We’ve reached that time of year when the school suddenly goes quiet. The G.C.S.E. and ‘AS’ students have already left, and the Upper Sixth go this week. The frenetic activity to prepare them for their exams is done for another year. There’s still a huge amount to do, of course: the workbook for the Year 8 day-trip to Lille needs up-dating – and it’s only a month until I make the return trip to our Swiss partner school with this year’s sixth form group. And already, preparations for the new year’s teaching.
But nonetheless, there is just enough of a pause to stop and ponder the frantic rush that secondary-school life has become, and wonder whether it is either necessary or beneficial to the pupils – let alone the staff. I think what capped it for me was a year 11 student observing to me a couple of weeks ago, how fast time passes by. I remember school years going on for at least a decade when I was in my teens – and I have to admit that my reply did go along the lines of ‘Just wait until you’re my age…’
I delivered a new CPD session a couple of weeks ago on this theme, and as it was very well received, I thought I’d review it here; the title was Slow Teaching.
The Slow Movement originated in the mid 1980’s in Italy, as a reaction against the spread of fast food. The concept has now become a fully-fledged world-wide movement, and has expanded to include slow cities, slow travel, slow money, slow parenting – and slow education. There is even a Slow Education movement.
The principle is well-explained by the Canadian journalist Carl Honoré, who did much to bring the ideas to wider attention through his book In Praise of Slow:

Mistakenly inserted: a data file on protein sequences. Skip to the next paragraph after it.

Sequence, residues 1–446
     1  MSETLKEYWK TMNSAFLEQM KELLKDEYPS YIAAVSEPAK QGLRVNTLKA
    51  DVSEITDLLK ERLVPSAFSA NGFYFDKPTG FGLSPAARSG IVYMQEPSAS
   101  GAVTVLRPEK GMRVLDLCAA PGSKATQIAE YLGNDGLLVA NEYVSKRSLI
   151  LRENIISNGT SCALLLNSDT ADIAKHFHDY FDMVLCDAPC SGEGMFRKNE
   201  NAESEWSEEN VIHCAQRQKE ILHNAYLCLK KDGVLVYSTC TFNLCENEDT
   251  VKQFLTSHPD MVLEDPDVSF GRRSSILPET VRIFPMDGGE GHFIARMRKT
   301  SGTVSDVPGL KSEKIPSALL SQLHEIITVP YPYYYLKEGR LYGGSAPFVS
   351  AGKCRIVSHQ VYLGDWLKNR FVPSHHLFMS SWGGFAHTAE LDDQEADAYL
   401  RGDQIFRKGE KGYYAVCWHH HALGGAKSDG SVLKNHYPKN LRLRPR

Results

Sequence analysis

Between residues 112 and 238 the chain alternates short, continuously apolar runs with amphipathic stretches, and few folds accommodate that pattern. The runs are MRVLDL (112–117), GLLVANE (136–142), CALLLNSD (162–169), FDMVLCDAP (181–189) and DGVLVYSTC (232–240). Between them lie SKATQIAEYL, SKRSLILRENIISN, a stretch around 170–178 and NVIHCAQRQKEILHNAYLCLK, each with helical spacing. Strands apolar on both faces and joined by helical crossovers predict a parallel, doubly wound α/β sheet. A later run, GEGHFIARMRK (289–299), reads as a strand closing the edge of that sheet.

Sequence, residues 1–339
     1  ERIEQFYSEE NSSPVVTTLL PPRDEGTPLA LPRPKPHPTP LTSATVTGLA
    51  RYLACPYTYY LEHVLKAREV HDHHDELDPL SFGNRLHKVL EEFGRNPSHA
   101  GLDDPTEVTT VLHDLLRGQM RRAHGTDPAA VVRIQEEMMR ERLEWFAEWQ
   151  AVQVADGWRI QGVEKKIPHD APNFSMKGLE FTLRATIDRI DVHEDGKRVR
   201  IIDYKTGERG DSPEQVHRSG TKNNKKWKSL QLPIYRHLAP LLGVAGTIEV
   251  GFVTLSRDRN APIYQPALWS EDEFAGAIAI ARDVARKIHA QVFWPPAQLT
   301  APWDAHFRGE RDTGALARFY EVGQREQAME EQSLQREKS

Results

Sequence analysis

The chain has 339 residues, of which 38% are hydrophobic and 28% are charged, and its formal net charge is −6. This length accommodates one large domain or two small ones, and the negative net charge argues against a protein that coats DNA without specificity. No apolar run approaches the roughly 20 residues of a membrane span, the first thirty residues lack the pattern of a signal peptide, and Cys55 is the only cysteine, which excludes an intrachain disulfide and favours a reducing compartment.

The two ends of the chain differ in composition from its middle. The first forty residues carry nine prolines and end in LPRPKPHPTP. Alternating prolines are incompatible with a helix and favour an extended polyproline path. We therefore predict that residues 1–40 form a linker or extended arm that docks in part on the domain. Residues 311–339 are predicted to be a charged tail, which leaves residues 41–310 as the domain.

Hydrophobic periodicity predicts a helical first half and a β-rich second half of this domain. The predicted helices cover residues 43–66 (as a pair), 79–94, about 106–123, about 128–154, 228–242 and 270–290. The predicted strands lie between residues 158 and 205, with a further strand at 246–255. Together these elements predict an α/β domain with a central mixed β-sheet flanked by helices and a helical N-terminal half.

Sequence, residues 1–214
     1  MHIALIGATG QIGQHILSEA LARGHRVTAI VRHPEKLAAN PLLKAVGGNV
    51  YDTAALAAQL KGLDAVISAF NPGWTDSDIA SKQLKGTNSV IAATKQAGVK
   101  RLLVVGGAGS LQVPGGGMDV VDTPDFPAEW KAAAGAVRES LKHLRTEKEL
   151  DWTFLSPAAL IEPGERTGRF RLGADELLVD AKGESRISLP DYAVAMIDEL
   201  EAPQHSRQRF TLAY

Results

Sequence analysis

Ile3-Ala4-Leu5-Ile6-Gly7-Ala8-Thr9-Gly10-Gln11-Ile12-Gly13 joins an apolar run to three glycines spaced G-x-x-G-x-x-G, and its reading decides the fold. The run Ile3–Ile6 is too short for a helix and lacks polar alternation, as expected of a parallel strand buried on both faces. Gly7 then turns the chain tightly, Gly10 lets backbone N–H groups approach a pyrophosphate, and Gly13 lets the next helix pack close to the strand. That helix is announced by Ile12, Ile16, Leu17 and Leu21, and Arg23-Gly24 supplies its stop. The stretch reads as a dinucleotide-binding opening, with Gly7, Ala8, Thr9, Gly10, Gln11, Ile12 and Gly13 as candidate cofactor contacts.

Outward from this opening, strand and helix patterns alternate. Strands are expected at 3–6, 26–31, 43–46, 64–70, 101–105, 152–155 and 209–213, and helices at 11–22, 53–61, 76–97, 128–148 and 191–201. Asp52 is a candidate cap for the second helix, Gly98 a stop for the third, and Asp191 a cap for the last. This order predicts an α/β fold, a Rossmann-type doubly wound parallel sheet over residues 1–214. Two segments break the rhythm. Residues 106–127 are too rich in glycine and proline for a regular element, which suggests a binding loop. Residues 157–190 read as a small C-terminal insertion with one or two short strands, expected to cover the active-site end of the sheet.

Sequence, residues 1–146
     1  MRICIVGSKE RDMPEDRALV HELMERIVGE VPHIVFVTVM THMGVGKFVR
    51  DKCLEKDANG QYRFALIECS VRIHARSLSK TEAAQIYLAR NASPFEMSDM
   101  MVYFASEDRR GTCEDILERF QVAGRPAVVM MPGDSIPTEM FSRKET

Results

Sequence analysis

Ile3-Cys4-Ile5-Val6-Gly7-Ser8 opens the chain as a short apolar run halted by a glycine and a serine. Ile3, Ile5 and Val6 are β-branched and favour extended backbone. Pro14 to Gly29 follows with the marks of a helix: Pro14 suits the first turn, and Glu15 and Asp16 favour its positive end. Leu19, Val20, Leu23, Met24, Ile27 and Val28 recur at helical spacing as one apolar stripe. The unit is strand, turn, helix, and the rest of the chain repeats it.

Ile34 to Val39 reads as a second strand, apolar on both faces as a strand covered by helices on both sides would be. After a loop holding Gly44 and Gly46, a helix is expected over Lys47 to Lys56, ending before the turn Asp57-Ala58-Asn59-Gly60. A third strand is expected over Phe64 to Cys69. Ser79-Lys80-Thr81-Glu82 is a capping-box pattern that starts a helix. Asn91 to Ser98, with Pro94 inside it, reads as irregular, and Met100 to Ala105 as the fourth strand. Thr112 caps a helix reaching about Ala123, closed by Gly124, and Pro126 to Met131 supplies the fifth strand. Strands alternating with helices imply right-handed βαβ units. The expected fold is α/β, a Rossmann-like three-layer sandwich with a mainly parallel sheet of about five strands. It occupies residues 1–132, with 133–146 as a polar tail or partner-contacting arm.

“It is a cultural revolution against the notion that faster is always better. The Slow philosophy is not about doing everything at a snail’s pace. It’s about seeking to do everything at the right speed. Savouring the hours and minutes, rather than just counting them. Doing everything as well as possible not just as fast as possible. It’s about quality over quantity in just about everything from food to parenting.”
This seems to make eminent sense to me, and not only because it would perhaps grant me the time I feel I really need – but never get – to do this job better, without going insane in the process. Slow would seem to appreciate that time spent reflecting on the last lesson and carefully planning the next is precisely what is needed – far more than the whole array of whistles and bells with which the education world seems as preoccupied as ever. It most certainly would not be time wasted – even if I were observed sipping a coffee or dare I say (given the nice weather) a kir in the process…
There is a vast amount in this idea, ranging from classical notions of education as eudaimonia (flourishing of the individual) through the much-debated ideas of 10,000 hours to mastery and Cognitive Load Theory (whereby care should be taken not to overload the working memory), to Csikszentmihalyi’s idea of Flow being the deepest, intrinsic experience one can have (which presumably can’t be hurried either) – to the need for introverts to have the time and space they need to do things their own best way.
The Slow Schools movement unfortunately seems to have been appropriated by the further reaches of the constructivist movement, although they do concede that Slow should not be a prescriptive concept. However, I can’t see anything to prevent the idea being adapted by more traditional approaches too: developing the patience needed for full command of a subject is worth emphasising whatever the approach, as is taking the time to think before writing or speaking, and developing ideas as far as they can go. Having the patience to read a text carefully for full meaning is another example. And I think the technique described here some time ago, of getting pupils to do ‘brain-only’ tests, where they have to sit and think until they have written as much as they can recall, is inherently Slow in nature.
I do wish the idea would catch on more widely; it would be good to be able to savour both the experience of really developing pupils in a considered way, rather than rushing headlong at the next set of exams – let alone a little more of the life that seems to be going past just too quickly, squeezed in round the edges of the job. It seems that even some of the pupils might agree:
When it comes to a properly-grounded education, just what exactly is the rush?